Nevada OSHA penalties for serious, willful violations set to increase on October 1

Las Vegas, NV September 25, 2019

The Division of Industrial Relations announced today the implementation of increased penalties for violations of the Nevada Occupational Safety and Health Act, effective for any OSHA investigation opened on or after October 1, 2019.  The increased penalties are a result of the passage of Senate Bill 40 during the 2019 legislative session.  Senate Bill 40 authorizes the Division to adopt penalties in amounts not to exceed those imposed by federal OSHA’s enforcement program, with the intent of aligning Nevada’s state-issued penalties with those issued by federal OSHA. 

Nevada OSHA’s administrative penalties have not increased since 1990 and have carried a maximum penalty of $7,000 for serious violations.  The new penalty structure adopted following the passage of SB 40 will increase the maximum penalty for serious violations – which have a high likelihood of seriously injuring or killing a worker – to $13,260.  In instances where violations are determined to be willful in nature, or in certain instances of repeated violations, maximum penalties will increase from $70,000 to $132,598 per violation.

Nevada OSHA will continue to match penalties assessed by federal OSHA, including any penalty adjustments implemented as a result of the Federal Civil Penalties Inflation Adjustment Act Improvements Act of 2015. 

In addition to penalty changes, SB 40 extends the time period available to regulated entities to initiate the process to contest citations and penalties.  This change in the statutory contest period came as a request from industry representatives during the last legislature.  Effective for all citations issued on or after October 1, 2019, regulated entities will have 30 calendar days to notify the agency of their intent to contest a citation; the previous time limit was 15 working days.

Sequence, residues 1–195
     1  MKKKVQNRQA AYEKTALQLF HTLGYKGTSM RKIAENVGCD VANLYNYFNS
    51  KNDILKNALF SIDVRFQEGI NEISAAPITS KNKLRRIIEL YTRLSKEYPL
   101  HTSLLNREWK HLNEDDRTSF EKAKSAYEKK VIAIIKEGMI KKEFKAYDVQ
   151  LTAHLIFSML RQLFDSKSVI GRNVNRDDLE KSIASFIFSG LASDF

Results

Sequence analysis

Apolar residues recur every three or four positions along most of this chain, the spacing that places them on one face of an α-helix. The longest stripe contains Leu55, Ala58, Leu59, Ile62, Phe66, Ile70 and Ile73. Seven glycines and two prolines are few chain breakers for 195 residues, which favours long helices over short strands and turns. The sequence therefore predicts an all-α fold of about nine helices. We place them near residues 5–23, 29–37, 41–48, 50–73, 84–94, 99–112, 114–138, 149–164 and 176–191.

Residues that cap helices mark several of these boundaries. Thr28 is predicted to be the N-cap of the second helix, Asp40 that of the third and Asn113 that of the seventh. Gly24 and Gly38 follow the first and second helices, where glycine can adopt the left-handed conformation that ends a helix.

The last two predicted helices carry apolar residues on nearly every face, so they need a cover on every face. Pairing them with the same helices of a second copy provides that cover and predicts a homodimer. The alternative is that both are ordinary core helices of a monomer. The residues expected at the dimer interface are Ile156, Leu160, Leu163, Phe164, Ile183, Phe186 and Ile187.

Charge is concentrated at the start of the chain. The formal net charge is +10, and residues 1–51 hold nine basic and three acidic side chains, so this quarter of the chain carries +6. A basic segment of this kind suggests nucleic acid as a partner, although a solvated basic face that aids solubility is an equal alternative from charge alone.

The Division’s Safety Consultation and Training Section (SCATS) provides Nevada employers with free consultation services focused on the prevention of workplace injury and illness, and identification and remediation of hazards that may result in OSHA citations should an inspection occur. During FY2019, SCATS performed 766 on-site consultation visits for approximately 650 employers across the state. During these visits, 4,158 serious hazards were found.

During the consultation process, employers are given the opportunity to resolve the hazard without penalty. If each of the 4,158 hazards found during SCATS consultations were found during an OSHA inspection, each violation would have been subject to a penalty of up to $7,000, costing Nevada employers over $29 million in fines. Under the adjusted penalty structure, those fines would have totaled over $55 million in fines. 

Employers, especially those within the construction, manufacturing and hotel industries, are encouraged contact SCATS to schedule a free consultation at 1-877-4SAFENV(472-3368) or visit to learn more.

About the Division of Industrial Relations:

The Nevada Division of Industrial Relations is the principal regulatory agency responsible for workplace safety and worker protections in the state of Nevada.  Comprised of five sections –Occupational Safety and Health Administration, Worker’s Compensation Section, Mechanical Compliance Section, Mine Safety and Training Section, and the Safety Consultation and Training Section – DIR works to protect Nevada’s working men and women and provides a broad scope of training and support to the regulated community.  For more information please visit

About Nevada OSHA:

Nevada OSHA operates as an approved state program as defined by section 18 of the Occupational Safety and Health Act of 1970 and is required by the Act to operate in a manner that is at least as effective as the federal OSHA enforcement program.  Nevada OSHA receives 19% of its funding from federal grants. Operating out of district offices in Las Vegas and Reno, Nevada OSHA conducts inspections and investigations intended to identify hazardous conditions which could harm Nevada’s workers and enforces state and federal laws protecting the state’s workers. From July 2018 to June 2019, Nevada OSHA conducted over 1,060 inspections, issuing an average of 1.4 serious violations per inspection. For more information visit

# # #


Teri Williams
Public Information Officer